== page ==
And so my discovery of the Heygate Estate in Elephant and Castle from the window of my commute – a Brutalist modern social project built in 1974 and awaiting its imminent destruction – has left me with an incongruous feeling of hopefulness both artistic and political.

c/o London SE1 @ flickr

c/o Gavin Humphries @ flickr

 This beastly pack of buildings didn’t live up to the utopian promises of communal living, instead falling into a dilapidated state riddled with crime and poverty. It is now all but derelict, and set for a good ol’ regeneration. Yet there is beauty to be found in its current state. It’s barren soviet austerity reminds me of Le Corbusier’s Unité d’Habitation in Marseilles, 

Or the Sony Bravia adverts from a few years back,

and I wonder what a bit of colour might do for these lifeless concrete piles of shame. A nice spring clean… of course that’s not what makes me hopeful.

What makes me hopeful is a scene from the epic Godfrey Reggio movie Koyaanisqatsi, which formed an amazing, prescient moment in my life as I watched it recently in Brighton with my partner, accompanied by a live rendition of the incredible Philip Glass score by the great man himself and his ensemble.

courtesy Matthew Andrews

In one of the most memorable, astonishing, heart-wrenching and awesome scenes in a film abound with much of the aforementioned, the detonation of the Pruitt Igoe flats in St. Louis Missouri appears a telling rendition of the 20th centuries legacy to come…

This scene’s story is one of lessons-to-be-learnt, it is of changing our ways, it is of the unsustainability of the sort of grandiose architectural projects that mar our cities and make life insufferable.

The film’s raison d’être is best illuminated in the film’s endnote and the title’s meaning:

The day to day experience of London is thoroughly unpleasant, and the disturbance caused by transport failures, architectural revisioning and, yes, regeneration, is untold in terms of quality of life.

This all calls for another way of living.

Ladies and Gentlemen, No We Ain’t Fuckin’ Jon Bon Jovi

When Jon Bon Jovi first advocated Livin’ on a Prayer in 1986, he seemed to be resigning himself to the gods of fate. I don’t subscribe to this view, nor the rock star sentiments of JBJ and his ilk.

Whilst it is true that it doesn’t really matter if we make it or not, if “making it” means fame and fortune, especially when the sentiment we’ve got each other, and that’s a lot encapsulates the very root of my approach to attaining happiness, I am certainly not content to await the lap of the gods, nor to do it wearing leather and hairspray.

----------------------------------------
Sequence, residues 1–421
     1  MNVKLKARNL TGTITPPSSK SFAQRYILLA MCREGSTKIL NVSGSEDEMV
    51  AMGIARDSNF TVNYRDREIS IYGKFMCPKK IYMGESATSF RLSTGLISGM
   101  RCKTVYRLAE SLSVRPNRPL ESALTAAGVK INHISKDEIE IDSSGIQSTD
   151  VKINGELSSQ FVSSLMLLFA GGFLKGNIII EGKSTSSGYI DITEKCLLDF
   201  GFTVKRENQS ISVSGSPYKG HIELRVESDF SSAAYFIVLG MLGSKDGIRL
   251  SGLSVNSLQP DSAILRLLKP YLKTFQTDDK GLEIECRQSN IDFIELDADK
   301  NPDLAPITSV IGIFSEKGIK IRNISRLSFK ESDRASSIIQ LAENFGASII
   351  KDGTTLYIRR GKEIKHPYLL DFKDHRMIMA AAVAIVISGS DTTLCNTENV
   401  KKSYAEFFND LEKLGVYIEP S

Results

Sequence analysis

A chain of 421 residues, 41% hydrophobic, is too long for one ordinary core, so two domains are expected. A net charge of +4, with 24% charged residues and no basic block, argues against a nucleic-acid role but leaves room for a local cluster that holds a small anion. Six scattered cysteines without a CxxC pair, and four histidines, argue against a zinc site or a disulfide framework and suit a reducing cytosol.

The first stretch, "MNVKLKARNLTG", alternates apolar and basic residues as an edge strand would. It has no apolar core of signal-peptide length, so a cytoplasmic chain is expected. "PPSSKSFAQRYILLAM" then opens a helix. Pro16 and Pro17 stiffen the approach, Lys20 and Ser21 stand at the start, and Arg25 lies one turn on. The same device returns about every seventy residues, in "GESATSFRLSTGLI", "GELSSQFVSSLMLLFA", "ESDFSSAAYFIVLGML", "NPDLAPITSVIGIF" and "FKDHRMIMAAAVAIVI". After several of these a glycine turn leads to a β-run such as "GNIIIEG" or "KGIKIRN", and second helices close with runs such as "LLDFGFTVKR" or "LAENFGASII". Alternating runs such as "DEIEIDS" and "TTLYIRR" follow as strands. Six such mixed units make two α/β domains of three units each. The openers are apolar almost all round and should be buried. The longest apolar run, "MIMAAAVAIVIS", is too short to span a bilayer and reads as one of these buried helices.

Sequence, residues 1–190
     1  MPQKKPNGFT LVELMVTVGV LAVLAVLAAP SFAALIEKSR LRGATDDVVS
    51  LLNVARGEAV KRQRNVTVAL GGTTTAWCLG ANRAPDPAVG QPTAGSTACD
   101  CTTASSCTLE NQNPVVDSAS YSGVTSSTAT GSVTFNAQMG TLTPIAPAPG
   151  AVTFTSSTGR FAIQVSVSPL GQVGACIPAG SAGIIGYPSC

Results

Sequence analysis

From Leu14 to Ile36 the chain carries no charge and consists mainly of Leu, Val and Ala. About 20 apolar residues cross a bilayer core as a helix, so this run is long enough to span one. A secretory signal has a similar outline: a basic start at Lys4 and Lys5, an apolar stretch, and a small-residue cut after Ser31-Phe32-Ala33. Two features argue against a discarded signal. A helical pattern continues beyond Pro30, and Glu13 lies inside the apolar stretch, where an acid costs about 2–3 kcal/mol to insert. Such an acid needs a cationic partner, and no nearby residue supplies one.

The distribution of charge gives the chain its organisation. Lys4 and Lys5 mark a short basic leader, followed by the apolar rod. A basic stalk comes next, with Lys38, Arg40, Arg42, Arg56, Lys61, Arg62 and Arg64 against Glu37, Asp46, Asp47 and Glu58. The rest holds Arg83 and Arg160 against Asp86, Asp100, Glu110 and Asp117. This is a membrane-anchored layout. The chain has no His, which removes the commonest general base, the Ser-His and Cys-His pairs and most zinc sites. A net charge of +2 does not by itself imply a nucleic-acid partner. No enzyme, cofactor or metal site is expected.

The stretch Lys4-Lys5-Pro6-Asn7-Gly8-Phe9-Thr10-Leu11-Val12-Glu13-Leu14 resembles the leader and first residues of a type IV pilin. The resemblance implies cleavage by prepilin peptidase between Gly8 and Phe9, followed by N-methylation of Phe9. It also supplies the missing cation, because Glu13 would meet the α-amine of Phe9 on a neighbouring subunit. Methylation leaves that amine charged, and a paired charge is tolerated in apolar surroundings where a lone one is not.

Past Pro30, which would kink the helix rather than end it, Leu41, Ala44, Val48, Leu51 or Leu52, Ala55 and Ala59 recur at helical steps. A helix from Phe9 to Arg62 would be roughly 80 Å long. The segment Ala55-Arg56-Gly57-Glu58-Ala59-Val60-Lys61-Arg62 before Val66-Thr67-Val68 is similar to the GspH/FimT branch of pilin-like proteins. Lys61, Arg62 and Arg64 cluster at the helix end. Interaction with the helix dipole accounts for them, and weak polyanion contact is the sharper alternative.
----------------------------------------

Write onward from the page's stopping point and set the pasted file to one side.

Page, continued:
And when in Romain Polland’s 1927 letter to Sigmund Freud he spoke of the sensational of the eternal – an oceanic sensation – which might explain religious sensations and feelings as opposed to hardened beliefs, he captured effectively the joyous impenetrability of the seas even for someone without religion.

I am happy to let the ocean fill me with oceanic feelings, staring out at borderless imponderables.

Iona by FCB Cadell

I am also certain that, in lieu of religion, moving towards the ocean is the most efficient way of improving one’s lot and taking fate into one’s own hands, so last weekend I moved with my partner to Brighton, away from the London monster which has had us ensnared for the last four years, and towards a future full of sensations of the eternal… 

courtesy of Ben and Carol @flickr

 ..and on the way home from London on my first commute, I listened to the Dirty Three’s Ocean Songs – a reverential and majestic album – which in my opinion is able to recreate and inspire such oceanic feelings in the way only art is truly able.

And so as Mr, MR Warren Ellis says at the start of this beautiful clip of the Dirty Three playing The Restless Waves at Roma’s Circolo Degli Artisti,

Ladies and Gentlemen, No We Ain’t Fuckin’ Jon Bon Jovi


Dick Cleggeron

As Clegg and Cameron merged into one another this morning outside 10 Downing Street (see above), an awful feeling in my gut gurgled upwards. Remember the lesson of Harvey Dent, former District Attorney of Gotham City and all round nice guy, besmirched and left evil and vindictive when half of his face was burned with acid. Remember the way he decided between good and evil on the toss of a coin following the destruction of half of his known self. 

Two-Face on the cover of Batman Annual #14 (1990), artwork by Neal Adams.